I was born near the sea. I have lived near the sea for fifteen years. How delighted, how exhilarating is my sprint on the gleaming beach in the first rays of the rising sun! When the cool water splashes against my warm body, when my hair dances wildly in the morning breeze, and my young body responds to exhilaration of the moment, I feel like yelling with joy. I feel like a fiery colt set free.

When I take my first dip, splashing wildly, floating over swells, diving underneath the lively breakers, and swimming beyond the first rollers, I thank God for His wonderful gift to man-the capacity to enjoy the sea. Fascinated, I watch the seagulls, wave-top, clinging like foam to the crest of a wave rolling by; or skimming the wave-tops with unsurpassed grace. They scream their delight at the gift of effortless flight. I enjoy their shrill screams.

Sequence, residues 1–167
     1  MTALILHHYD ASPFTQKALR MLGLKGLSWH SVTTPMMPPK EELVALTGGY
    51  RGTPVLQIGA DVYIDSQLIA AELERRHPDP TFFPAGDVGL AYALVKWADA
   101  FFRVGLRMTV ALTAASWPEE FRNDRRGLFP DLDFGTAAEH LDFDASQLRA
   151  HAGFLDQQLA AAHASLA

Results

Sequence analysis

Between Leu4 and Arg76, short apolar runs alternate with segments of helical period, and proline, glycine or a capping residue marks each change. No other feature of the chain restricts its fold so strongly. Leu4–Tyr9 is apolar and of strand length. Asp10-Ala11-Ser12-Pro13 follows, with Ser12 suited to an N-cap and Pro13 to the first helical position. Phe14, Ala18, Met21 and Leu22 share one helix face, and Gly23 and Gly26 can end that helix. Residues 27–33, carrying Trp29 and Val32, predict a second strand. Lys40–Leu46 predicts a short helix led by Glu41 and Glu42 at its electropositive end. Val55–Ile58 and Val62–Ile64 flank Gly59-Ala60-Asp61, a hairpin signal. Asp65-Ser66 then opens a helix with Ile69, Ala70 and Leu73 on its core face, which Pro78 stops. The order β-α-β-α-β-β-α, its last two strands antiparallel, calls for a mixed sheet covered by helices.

I understand them. The gulls are part of the sea. I love them. When my father takes me with him in our little yacht on False Bay, my cup of joy is overflowing. We are in high spirits, even when a threatening South-Easter sends us speeding back to the harbour for safety. The little boat lies dangerously on one side as it cuts through the water at breath-taking speed. I answer my father’s delighted smile. This is adventure, pure, healthy, exciting.

When conditions are favourable on a Friday evening my father takes me to our favourite angling spot far from the noise of traffic. There we sit side by side, patiently waiting for a bite, listening in silence to the voice of our mighty, mysterious friend – the sea. In those quiet, happy moments, on a lonely rock, I thank God for having given me a father who has taught me to understand and appreciate the sea.

We love the sea in all many moods. When my father is gone, I shall always be near to him in spirit while I am alone by the sea.